Many homeowners are hesitant to list their home in the winter thinking that the cold weather season won’t attract many buyers. But while spring may be the peak home selling season owners getting started by the first of the year may be at an advantage.
The real estate brokerage Redfin found that on average, sellers net more above the asking price during the winter months. Their study found this to be true even in cities like Boston and Chicago and that homes listed in winter tended to sell faster than those in the spring.
One advantage for winter home marketing is the fact that many corporate or professional transfers focus on ‘the new year.’ These transferees are serious buyers and know that properties coming on the market at the first of the year are owned by ‘serious sellers’ motivated to get a jump on the ‘spring market.’
Winter sellers know that inventories of homes on the market tend to be lower in winter and therefore they could be very well facing less competition. They feel that if their home doesn’t attract a buyer they will have the advantage of ‘market feedback’ from agents and buyers and have the time to make recommended condition and price adjustments before the April rush.
Naturally winter buyers will be more focused on issues like heating systems and heating costs as well as supplemental heat sources like fireplaces and wood and pellet stoves.
Home stagers agree that the gray days ahead can leave a gloomy impression and advise sellers to emphasize a sense of warmth inside the home . An added tip is to pay close attention to lighting. It’s advisable to increase bulb wattage and add fixtures in areas that tend to be dark.
Multifamily and industrial properties will continue to lead growth among commercial real estate sectors as the economy makes moderate gains through the end of the year and into 2017, NAR Chief Economist Lawrence Yun said at the 2016 REALTORS® Conference & Expo in Orlando on Friday. He expects rental rates in the multifamily sector to rise a modest 3 percent a year through 2018, fueled by young households who see solid job growth but aren’t yet ready to buy. He said that the industrial properties are expected to see a solid 4 percent growth in rental rates. Yun said the country is likely to maintain positive economic growth over the next two years likely at a 2 percent rate.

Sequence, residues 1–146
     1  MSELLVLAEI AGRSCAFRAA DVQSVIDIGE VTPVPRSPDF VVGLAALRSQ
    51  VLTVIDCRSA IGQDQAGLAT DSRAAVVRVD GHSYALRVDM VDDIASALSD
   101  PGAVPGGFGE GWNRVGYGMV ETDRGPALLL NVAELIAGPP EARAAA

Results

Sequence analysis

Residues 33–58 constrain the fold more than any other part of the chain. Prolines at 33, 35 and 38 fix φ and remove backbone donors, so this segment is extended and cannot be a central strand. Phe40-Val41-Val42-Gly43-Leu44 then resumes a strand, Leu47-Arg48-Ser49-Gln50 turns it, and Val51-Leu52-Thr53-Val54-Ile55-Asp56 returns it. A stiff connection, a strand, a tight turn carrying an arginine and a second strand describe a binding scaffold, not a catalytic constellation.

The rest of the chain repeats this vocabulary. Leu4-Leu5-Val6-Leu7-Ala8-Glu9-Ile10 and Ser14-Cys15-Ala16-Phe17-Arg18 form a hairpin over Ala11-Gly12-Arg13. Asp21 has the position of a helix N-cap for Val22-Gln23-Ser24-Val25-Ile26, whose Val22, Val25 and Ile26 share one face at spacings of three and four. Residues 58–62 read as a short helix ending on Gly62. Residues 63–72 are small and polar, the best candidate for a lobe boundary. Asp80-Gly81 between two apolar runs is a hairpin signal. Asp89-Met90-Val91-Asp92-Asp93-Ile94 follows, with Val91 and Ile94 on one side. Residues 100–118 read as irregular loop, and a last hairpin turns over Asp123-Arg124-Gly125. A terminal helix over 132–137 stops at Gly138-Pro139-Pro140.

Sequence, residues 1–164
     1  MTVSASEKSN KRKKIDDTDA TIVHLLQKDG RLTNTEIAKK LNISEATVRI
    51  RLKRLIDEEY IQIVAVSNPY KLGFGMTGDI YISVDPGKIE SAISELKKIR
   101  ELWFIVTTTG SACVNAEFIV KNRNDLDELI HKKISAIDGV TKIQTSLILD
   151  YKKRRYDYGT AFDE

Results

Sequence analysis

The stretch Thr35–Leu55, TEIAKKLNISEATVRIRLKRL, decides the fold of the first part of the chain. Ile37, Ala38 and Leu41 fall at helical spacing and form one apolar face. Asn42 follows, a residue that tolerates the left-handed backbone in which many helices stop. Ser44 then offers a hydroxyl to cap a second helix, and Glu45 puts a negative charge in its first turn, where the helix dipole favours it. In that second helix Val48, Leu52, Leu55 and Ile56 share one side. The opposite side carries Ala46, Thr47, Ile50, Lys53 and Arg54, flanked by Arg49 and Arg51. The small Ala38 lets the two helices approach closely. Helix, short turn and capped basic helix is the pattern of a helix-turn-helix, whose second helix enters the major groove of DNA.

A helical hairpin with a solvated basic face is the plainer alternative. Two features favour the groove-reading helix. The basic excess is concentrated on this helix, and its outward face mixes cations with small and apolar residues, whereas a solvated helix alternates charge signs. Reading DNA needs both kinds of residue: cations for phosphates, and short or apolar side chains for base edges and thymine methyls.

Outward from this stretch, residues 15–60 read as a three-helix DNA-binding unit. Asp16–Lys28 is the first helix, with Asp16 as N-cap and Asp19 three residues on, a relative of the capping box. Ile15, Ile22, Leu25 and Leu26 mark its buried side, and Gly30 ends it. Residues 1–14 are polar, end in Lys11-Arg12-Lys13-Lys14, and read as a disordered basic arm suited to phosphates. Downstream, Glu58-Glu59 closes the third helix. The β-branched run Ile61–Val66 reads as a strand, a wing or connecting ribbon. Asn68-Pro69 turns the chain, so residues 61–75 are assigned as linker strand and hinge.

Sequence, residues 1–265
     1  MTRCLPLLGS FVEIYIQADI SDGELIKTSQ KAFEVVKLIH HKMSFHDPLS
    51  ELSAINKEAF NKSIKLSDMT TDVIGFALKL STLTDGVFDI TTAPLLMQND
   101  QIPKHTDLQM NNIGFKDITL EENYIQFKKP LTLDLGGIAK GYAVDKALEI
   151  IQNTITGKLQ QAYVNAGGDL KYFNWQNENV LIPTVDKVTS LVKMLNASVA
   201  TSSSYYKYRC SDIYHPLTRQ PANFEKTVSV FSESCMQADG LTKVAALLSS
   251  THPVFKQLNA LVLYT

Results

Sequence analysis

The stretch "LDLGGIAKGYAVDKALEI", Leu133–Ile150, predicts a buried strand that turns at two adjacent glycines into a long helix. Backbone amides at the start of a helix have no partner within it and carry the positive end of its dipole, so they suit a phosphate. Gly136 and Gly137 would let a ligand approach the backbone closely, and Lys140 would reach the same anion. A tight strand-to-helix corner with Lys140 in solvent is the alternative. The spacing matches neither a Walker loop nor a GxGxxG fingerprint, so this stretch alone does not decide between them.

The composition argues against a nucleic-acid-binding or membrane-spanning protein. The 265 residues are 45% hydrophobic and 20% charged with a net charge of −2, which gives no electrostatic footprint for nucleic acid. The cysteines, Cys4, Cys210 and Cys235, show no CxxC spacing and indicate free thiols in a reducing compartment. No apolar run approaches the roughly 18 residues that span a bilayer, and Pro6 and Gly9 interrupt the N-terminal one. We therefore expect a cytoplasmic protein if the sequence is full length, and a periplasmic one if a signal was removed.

Inflation will largely stay in check, thanks to low gas prices, but expect it to rise from 1.2 percent this year to 2.5 percent over the next two years because gas prices will continue to drop. That means the inflation rate will no longer offset rising medical costs, rents, and college tuition. He predicted that it is likely for the Federal Reserve to raise its short-term interest rate in December 2016 — and then possibly twice more in 2017.
K.C. Conway of Sun Trust Bank said that because of weakness in the U.S. economy, Conway said, the Fed might raise its short-term rate only once (in December) and then not at all in 2017 because increases could hurt the two sectors of the economy that are still doing well: home sales and personal consumption.
Both Yun and Conway said the economy is hurt by the lack of new housing construction, which is keeping prices high and forcing young households to delay home purchases. At the core of the inventory problem are regulations that make it hard for banks to increase their construction lending to builders. Easing those restrictions for community banks, Yun said, would help unleash badly needed financing for builders without putting the banking system at risk, since large, systemically important financial institutions would still be subject to stringent capital rules.
When the first Profile of Home Buyers and Sellers was introduced 35 years ago by the National Association of Realtors®, mortgage rates were over four times higher than they are today and first-time buyers made up a larger share of overall sales. In anticipation of the upcoming 2016 survey release one trend that NAR has identified as a noteworthy is the continued role of the Realtor as the centerpiece in the majority of home purchases and sales.
It should come as no surprise that NAR didn’t track buyer and seller data on internet usage in 1981. With the World Wide Web not gaining mass popularity until the 1990’s and realtor. com® introduced, in 1995, the ability to view listings online and then contact a Realtor® was non-existent.
When NAR first began asking the question 21 years ago, only 2 percent of buyers used the internet during their home search. By 2005 usage soared to over three-quarters of buyers, and since 2012, 90 percent or more have gone online during the house hunt.
Despite the internet’s ascending popularity over the past 20 years nearly 90 percent of respondents worked with a real estate agent to buy or sell a home which pulled for-sale-by-owner transactions down to their lowest share ever (8 percent). Realtors® are the source of online real estate data, and they continue to use their real insights and local market knowledge to help bring buyers and sellers together